My Biological Clock Is Defective

What’s standing in between me and having a baby is simply having no desire, at all, to do so.

According to Associated Press, last year was the first year that women in their early 30s gave birth to more babies than women in their late 20s. Today, I turn 28 — a milestone that formerly held no particular significance, until I learned that it is now the average age that women in this country have their first child.

Like me, many of my peers have yet to become mothers and they often express a hesitance to even begin considering starting a family, for various reasons. I’ve discussed with friends their concerns about what pregnancy and childbirth will do to their bodies. Many of them don’t believe a child would make sense financially, at least not anytime soon. And there are always, of course, worries that a baby will throw off careers plans.

This, for me, is not the case. While I understand these concerns, I don’t share them; what’s standing in between me and having a baby is simply having no desire, at all, to do so. And I’m not alone in this. For many of my friends, the idea of being a mother has very little appeal.

It goes without saying that children are incredibly important; a lot of the work that I do, and look forward to doing in the future, is centered around encouraging and empowering children. There are also a handful of children in my life who mean the world to me. But I’m not particularly nurturing and it’d be fair to say that I lack the temperament to be a “kid-person.” Once, when I was watching my sister’s children, my 6-year-old nephew looked at me inquisitively and said, “you don’t like kids, do you?” To which I responded that I loved him and that he was very smart. I remember thinking that if I ever did have a child, I hoped they were as astute as him.

In all honesty, the closest I get to wanting children is knowing that I don’t want to be an old woman without adult kids. Unfortunately, raising them from infancy (or at least adopting them young) seems to be the only way to avoid this. I’m aware that wanting there to be people who feel morally obligated to care for you and keep you company, in your old age, isn’t a great reason to have kids but the depictions of childless older women that I’ve been exposed to, my whole life, are always bleak.

Even today, as women become more independent and continue to break gender stereotypes, a woman deciding not to have children still feels somewhat taboo. Society has very condescendingly decided that women who never have kids have failed at achieving true fulfillment, regardless of what they’ve accomplished. This is generally applied to unmarried women, as well.

Though I often find myself, in true young feminist fashion, railing against this perspective and pointing out that we rarely view men under the same lens, it is a thought that taunts me more and more as I get older. So much so that, even though I don’t want kids, I like the idea of being a woman who does want and love children. I wish that I was someone who couldn’t wait to have a baby and there are times when I am very critical of myself for not being that kind of person. I wonder, is there something biologically wrong with me? Does this say something about my ability to love? Or my inability to be selfless?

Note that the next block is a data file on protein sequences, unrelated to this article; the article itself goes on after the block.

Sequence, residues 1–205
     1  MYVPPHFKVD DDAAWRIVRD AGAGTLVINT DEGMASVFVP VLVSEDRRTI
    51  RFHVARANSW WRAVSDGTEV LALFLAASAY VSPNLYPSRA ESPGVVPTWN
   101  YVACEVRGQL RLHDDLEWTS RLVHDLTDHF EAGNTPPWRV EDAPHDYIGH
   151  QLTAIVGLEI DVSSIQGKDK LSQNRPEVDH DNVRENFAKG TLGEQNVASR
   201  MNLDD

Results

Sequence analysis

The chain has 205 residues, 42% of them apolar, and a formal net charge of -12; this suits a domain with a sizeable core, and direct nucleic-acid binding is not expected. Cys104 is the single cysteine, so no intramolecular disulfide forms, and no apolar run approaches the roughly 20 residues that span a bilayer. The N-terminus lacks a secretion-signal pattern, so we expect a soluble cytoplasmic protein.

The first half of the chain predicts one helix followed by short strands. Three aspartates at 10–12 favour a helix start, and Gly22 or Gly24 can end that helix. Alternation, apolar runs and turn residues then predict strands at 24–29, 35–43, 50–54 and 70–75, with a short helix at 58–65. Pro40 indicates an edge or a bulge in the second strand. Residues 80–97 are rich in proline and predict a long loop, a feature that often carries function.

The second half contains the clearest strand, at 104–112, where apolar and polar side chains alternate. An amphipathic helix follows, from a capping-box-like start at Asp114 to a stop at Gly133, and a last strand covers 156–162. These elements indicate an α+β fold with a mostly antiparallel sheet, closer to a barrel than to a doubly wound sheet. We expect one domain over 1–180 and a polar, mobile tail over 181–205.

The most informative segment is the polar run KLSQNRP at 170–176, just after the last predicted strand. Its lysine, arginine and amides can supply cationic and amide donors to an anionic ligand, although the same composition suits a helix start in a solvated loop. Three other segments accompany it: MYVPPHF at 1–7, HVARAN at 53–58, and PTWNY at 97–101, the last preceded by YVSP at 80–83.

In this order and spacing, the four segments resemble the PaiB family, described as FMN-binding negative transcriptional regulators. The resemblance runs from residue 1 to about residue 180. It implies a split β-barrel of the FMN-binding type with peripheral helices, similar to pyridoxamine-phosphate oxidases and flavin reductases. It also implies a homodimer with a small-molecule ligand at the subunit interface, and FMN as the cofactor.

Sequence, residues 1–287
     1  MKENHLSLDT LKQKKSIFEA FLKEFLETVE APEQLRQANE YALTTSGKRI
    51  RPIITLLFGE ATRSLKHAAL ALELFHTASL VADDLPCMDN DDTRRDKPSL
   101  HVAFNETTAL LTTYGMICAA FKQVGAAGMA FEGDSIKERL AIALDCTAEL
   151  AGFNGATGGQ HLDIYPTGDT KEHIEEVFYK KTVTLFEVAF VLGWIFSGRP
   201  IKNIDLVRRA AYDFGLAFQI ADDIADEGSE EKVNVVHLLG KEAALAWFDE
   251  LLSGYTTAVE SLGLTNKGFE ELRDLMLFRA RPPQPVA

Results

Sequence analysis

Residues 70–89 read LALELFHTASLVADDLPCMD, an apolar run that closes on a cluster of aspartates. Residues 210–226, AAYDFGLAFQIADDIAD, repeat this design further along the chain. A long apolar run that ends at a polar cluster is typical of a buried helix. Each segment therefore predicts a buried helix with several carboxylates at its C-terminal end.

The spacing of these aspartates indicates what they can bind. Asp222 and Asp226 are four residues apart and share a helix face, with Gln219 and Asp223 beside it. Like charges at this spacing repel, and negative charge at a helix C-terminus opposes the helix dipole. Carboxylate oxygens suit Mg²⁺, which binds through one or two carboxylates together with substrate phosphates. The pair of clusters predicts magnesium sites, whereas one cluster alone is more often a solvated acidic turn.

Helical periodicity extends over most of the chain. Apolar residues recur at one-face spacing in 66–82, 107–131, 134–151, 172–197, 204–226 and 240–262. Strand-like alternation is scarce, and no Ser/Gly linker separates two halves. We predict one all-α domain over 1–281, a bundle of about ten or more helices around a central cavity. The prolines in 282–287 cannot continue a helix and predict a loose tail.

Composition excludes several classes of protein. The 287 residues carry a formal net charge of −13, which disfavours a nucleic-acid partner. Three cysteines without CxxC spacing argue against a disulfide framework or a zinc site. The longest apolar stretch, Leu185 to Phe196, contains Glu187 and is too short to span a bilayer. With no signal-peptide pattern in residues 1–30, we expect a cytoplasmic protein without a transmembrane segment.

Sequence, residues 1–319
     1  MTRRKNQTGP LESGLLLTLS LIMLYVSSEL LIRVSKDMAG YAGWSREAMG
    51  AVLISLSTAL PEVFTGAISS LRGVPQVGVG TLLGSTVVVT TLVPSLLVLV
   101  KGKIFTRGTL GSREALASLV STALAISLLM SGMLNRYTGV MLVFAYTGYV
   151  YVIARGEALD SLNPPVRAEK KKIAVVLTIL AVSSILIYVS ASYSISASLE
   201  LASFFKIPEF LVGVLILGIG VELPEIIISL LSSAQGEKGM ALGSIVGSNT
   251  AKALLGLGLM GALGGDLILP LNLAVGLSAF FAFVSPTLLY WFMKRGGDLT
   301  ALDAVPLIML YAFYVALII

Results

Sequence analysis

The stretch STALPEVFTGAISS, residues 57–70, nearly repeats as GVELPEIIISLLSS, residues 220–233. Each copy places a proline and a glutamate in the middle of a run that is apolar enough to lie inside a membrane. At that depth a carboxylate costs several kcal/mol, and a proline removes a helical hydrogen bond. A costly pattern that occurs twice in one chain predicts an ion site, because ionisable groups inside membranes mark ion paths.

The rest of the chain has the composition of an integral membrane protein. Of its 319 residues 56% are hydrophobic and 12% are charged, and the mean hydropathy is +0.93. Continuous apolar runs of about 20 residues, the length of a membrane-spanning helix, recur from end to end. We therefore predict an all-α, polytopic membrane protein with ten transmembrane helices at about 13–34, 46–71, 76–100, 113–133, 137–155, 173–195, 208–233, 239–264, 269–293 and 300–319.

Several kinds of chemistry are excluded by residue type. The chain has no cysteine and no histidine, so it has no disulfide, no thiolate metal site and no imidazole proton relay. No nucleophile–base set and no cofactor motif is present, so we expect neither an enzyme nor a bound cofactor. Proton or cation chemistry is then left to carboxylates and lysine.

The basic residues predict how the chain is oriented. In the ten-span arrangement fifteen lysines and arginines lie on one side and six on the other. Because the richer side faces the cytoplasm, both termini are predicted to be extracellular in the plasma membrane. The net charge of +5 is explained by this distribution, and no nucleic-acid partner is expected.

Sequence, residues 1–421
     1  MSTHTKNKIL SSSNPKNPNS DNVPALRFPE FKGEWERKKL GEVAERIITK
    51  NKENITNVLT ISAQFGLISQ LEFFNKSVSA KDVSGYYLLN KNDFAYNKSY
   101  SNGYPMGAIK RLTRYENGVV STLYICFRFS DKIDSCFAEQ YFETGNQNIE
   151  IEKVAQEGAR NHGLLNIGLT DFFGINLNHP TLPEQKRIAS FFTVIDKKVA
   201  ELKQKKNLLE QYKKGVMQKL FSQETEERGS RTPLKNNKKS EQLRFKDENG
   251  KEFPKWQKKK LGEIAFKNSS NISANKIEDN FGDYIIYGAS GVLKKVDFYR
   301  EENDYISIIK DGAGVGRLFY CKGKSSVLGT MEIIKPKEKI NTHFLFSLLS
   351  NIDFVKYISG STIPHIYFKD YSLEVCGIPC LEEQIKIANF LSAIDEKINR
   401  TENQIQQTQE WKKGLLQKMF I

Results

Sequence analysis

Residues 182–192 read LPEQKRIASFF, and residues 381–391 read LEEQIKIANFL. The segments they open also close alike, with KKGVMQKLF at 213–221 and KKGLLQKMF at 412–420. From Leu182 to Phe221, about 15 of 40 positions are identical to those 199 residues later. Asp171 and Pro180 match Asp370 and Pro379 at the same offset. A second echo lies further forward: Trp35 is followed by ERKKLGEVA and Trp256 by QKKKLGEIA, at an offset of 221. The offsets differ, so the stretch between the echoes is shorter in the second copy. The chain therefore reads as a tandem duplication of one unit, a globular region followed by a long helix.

Children, we’re told, are life’s greatest gifts. To give birth to a child is to reach the pinnacle of transformative human experiences, through which you unlock a love that cannot be achieved any other way. Choosing to opt out of procreating undoubtedly means signing up for a lifetime of being told that I don’t understand certain things because I’m not a parent.

Having not yet reached my 30s, I’m aware that my window to evolve on this issue is still quite large, but I don’t believe that will happen. And the confidence, with which people assure me that they’re certain I will change my mind, is agitating. Their insistence that I will warm up to the idea feels very much like, “it’s okay, eventually you’ll be a normal woman and stop rejecting nature.”

Even more frustrating than this, is the suggestion that I’ll feel differently about children when I find the right man. As if these very valid feelings are merely temporary symptoms that will go away if I’m lucky enough to find a man to cure them.

I’m fortunate enough, at least, not to be a woman whose family is constantly hounding them about when they’re going to settle down and have children. A handful of my friends have mothers who are constantly and aggressively reminding their daughters that they’ve yet to make them grandmothers.

And yet, the trend of young adult women delaying motherhood or abstaining completely persists. Knowing this, it’d be an absurdity to hold onto anything even resembling the idea that, for women, bringing life into the world is the only way to have lived fully—that, somehow, having children gives a person’s life more meaning than someone’s who didn’t. My generational comrades are producing babies at nearly half the rate that women were at the peak of the baby boom, in the 1950s, and as things drift briskly in this direction, it’s especially imperative, I feel, that we emphasize the value of aspirations that have nothing to do marriage or motherhood.